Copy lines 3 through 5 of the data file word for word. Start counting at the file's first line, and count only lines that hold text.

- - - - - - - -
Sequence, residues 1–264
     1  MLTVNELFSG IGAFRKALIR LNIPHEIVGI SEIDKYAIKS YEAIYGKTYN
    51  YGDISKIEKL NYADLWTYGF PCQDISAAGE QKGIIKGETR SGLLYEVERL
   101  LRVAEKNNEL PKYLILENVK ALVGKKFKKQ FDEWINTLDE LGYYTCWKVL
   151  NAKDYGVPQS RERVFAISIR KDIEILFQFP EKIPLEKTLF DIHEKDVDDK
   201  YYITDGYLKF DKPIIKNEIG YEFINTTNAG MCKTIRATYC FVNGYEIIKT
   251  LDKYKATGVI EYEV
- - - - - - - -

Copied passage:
    51  YGDISKIEKL NYADLWTYGF PCQDISAAGE QKGIIKGETR SGLLYEVERL
   101  LRVAEKNNEL PKYLILENVK ALVGKKFKKQ FDEWINTLDE LGYYTCWKVL
   151  NAKDYGVPQS RERVFAISIR KDIEILFQFP EKIPLEKTLF DIHEKDVDDK